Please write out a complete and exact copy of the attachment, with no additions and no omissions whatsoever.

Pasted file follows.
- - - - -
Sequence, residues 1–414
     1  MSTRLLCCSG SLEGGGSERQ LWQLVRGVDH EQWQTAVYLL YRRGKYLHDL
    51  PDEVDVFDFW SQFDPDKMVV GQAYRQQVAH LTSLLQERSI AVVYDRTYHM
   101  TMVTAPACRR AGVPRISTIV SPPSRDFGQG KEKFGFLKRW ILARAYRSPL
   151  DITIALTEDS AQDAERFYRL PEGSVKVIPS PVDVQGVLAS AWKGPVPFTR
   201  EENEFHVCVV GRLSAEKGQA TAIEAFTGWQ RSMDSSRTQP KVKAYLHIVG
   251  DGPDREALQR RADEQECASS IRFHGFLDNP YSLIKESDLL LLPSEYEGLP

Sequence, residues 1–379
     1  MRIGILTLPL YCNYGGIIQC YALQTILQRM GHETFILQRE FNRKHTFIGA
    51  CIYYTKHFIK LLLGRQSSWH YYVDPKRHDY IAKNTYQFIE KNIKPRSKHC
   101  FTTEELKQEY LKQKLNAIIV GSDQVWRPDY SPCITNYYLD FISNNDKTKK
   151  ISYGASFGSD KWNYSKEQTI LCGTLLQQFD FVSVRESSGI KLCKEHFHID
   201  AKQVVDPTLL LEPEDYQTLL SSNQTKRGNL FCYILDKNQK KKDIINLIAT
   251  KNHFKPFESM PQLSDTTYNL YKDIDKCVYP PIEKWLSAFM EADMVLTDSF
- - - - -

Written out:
Sequence, residues 1–414
     1  MSTRLLCCSG SLEGGGSERQ LWQLVRGVDH EQWQTAVYLL YRRGKYLHDL
    51  PDEVDVFDFW SQFDPDKMVV GQAYRQQVAH LTSLLQERSI AVVYDRTYHM
   101  TMVTAPACRR AGVPRISTIV SPPSRDFGQG KEKFGFLKRW ILARAYRSPL
   151  DITIALTEDS AQDAERFYRL PEGSVKVIPS PVDVQGVLAS AWKGPVPFTR
   201  EENEFHVCVV GRLSAEKGQA TAIEAFTGWQ RSMDSSRTQP KVKAYLHIVG
   251  DGPDREALQR RADEQECASS IRFHGFLDNP YSLIKESDLL LLPSEYEGLP

Sequence, residues 1–379
     1  MRIGILTLPL YCNYGGIIQC YALQTILQRM GHETFILQRE FNRKHTFIGA
    51  CIYYTKHFIK LLLGRQSSWH YYVDPKRHDY IAKNTYQFIE KNIKPRSKHC
   101  FTTEELKQEY LKQKLNAIIV GSDQVWRPDY SPCITNYYLD FISNNDKTKK
   151  ISYGASFGSD KWNYSKEQTI LCGTLLQQFD FVSVRESSGI KLCKEHFHID
   201  AKQVVDPTLL LEPEDYQTLL SSNQTKRGNL FCYILDKNQK KKDIINLIAT
   251  KNHFKPFESM PQLSDTTYNL YKDIDKCVYP PIEKWLSAFM EADMVLTDSF